The foundation is relatively public about its activities, through its involvement in bodies such as Giving West and Philanthropy Australia.
Despite all that, director Lisa Rowley said the foundation had surprisingly few unsolicited approaches.
“You would think we would be inundated,” she said.
“It’s a myth, that’s just not the case.”
The Rowley Foundation involves three generations of family members.
“We sit around the kitchen table and pool our ideas,” Ms Rowley said.
She said family members conducted their own due diligence, but that was more about meeting the people than reviewing and assessing formal grant applications.
“We can be more adventurous in our giving, supporting organisations that are addressing needs in new and creative ways,” Ms Rowley said.
Nor does the family expect detailed impact assessment reports, preferring to visit grant recipients to experience the impact and see the progress in person.
Ms Rowley said she hoped publicity about the Rowley Foundation’s activities would help other philanthropists.
“When we’re giving we look at who else is supporting the same charity, so if people want to use our name, this in turn may help others with their grant making,” she said.
Mrs Rinehart does not publicise her philanthropic activities, but a spokesperson has confirmed several major programs under way and a big project being planned.
She has sponsored the WA Swimming Association since 1992 – for $165,000 per year, according to the latest financial statements – and supported Queensland swimming for the past decade.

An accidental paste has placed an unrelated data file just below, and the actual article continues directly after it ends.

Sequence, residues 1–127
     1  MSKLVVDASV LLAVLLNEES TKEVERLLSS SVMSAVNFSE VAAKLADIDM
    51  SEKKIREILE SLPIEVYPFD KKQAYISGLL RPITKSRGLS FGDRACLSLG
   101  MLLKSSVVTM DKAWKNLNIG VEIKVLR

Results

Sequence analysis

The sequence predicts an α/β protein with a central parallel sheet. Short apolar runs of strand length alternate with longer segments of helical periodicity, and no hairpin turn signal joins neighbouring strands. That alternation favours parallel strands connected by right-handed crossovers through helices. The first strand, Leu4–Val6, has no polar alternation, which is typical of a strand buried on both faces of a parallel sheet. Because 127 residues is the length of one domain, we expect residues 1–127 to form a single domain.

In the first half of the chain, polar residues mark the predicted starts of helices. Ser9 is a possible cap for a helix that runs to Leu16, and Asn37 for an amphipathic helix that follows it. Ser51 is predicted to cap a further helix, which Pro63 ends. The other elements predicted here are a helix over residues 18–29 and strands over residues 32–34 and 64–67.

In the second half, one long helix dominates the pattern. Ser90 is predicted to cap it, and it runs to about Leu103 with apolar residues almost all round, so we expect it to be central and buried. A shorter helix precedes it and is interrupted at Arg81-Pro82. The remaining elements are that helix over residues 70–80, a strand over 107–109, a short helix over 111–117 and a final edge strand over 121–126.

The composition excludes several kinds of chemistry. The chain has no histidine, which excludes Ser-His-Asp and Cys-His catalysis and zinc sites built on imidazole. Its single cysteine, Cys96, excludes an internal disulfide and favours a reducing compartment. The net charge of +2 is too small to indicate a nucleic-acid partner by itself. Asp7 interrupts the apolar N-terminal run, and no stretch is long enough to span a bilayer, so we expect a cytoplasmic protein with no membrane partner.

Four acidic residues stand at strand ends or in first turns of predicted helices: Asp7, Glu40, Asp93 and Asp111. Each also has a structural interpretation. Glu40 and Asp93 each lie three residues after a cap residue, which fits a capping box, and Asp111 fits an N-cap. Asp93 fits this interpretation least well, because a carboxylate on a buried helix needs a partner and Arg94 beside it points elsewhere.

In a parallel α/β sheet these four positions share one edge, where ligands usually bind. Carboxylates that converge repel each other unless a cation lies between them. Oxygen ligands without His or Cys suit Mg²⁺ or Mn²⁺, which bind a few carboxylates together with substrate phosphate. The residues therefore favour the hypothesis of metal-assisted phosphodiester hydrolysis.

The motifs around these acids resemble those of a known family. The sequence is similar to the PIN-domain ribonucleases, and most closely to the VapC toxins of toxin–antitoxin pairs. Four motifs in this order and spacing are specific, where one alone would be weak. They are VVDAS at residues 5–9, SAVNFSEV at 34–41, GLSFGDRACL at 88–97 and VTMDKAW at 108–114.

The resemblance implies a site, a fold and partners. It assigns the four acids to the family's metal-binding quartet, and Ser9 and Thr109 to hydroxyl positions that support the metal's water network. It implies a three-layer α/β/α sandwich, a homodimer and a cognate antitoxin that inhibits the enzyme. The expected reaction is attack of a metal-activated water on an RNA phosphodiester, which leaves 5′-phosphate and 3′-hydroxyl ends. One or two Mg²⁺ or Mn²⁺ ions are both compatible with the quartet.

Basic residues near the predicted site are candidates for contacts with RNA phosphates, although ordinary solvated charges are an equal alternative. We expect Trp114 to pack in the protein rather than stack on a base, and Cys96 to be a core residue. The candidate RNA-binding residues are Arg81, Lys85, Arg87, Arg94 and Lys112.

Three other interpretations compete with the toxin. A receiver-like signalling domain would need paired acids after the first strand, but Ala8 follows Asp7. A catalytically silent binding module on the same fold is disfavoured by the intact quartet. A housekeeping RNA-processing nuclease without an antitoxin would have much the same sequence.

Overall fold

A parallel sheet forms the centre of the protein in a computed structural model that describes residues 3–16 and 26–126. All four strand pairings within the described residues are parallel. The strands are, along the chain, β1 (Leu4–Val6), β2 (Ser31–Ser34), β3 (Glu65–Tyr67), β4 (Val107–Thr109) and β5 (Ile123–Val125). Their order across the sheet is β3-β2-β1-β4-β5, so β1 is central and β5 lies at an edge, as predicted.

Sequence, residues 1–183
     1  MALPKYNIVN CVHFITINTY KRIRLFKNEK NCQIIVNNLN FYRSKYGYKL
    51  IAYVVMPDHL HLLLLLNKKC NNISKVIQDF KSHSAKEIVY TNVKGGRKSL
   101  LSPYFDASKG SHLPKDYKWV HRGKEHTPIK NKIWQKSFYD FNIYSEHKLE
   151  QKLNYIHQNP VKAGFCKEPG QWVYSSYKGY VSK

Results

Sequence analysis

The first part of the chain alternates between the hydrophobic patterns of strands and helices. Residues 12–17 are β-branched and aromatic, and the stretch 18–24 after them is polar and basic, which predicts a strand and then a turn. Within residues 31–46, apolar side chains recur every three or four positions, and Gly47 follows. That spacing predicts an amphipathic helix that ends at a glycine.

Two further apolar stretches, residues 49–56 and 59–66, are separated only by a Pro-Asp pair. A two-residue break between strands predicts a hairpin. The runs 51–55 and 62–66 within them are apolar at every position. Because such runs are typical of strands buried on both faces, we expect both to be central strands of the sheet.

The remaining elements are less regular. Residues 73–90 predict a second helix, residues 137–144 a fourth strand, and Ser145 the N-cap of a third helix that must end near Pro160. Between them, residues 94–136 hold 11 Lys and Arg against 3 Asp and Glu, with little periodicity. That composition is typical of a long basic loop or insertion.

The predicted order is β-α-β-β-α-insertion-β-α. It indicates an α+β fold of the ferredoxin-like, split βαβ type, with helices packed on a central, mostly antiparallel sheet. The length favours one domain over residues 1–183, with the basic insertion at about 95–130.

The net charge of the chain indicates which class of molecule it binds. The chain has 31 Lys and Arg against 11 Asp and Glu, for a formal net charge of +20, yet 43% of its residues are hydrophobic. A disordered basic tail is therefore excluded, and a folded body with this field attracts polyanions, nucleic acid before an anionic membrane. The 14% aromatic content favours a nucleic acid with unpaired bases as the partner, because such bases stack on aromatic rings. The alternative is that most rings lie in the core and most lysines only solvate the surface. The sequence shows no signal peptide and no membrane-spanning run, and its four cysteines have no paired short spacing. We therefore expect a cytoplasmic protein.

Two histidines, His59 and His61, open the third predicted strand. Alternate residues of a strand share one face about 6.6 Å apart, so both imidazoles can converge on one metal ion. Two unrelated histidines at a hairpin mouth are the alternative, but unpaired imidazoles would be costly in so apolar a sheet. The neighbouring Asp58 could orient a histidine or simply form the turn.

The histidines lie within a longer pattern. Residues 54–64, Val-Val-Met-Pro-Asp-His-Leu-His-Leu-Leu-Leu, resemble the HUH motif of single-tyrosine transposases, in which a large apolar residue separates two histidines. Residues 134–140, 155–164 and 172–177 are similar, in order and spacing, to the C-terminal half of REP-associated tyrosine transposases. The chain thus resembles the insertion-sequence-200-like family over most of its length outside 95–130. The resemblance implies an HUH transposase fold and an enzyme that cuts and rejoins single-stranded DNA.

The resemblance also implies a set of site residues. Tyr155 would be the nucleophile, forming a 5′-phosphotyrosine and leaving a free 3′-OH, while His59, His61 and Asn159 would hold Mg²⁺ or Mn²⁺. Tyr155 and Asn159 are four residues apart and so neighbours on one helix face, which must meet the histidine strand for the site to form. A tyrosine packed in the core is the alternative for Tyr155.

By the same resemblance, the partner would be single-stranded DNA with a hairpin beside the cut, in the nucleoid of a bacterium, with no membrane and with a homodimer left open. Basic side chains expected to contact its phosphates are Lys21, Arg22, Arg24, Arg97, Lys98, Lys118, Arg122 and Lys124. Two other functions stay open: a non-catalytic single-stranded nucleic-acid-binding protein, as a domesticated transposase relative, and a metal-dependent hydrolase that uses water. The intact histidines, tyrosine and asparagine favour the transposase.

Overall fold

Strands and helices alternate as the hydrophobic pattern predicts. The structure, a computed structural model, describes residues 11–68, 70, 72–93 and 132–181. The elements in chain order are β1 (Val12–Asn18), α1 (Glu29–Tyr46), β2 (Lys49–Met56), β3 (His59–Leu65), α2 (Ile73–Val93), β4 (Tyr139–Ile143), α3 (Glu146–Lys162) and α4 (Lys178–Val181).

Since 2012, Mrs Rinehart has supported the Olympic swimming squad, providing direct financial support to more than 120 swimmers at a cost substantially above $10 million.
Mrs Rinehart has also sponsored the Australian swimming championships and provided support for volleyball, synchronised swimming and rowing, for which she has bankrolled specialist coaching and a pre-Olympics camp.
She was awarded the Australian Olympic Committee’s Order of Merit in recognition of her support.
In the healthcare field, she initiated the first breast cancer foundation in Australia in the early 1990s and contributed to the Bendat Family Comprehensive Cancer Centre in Subiaco.
More recently, Mrs Rinehart established a program to deliver gift packs to patients at WA hospitals and, through her company Roy Hill, has been promoting breast cancer awareness.
Her biggest plan is to donate $175 million for a high-end, not-for-profit hospital in Darwin, in support of her goal of developing northern Australia.
The spokesperson said work on the project, which was first reported in 2014, was still under way.
Preliminary designs have been drawn for both the hospital and nurses quarters but the site is still being sorted.
“This was at the time, the largest, individual, private donation in Australia’s history,” the spokesperson said.
“The funds have already been paid into the foundation, so are available and committed.”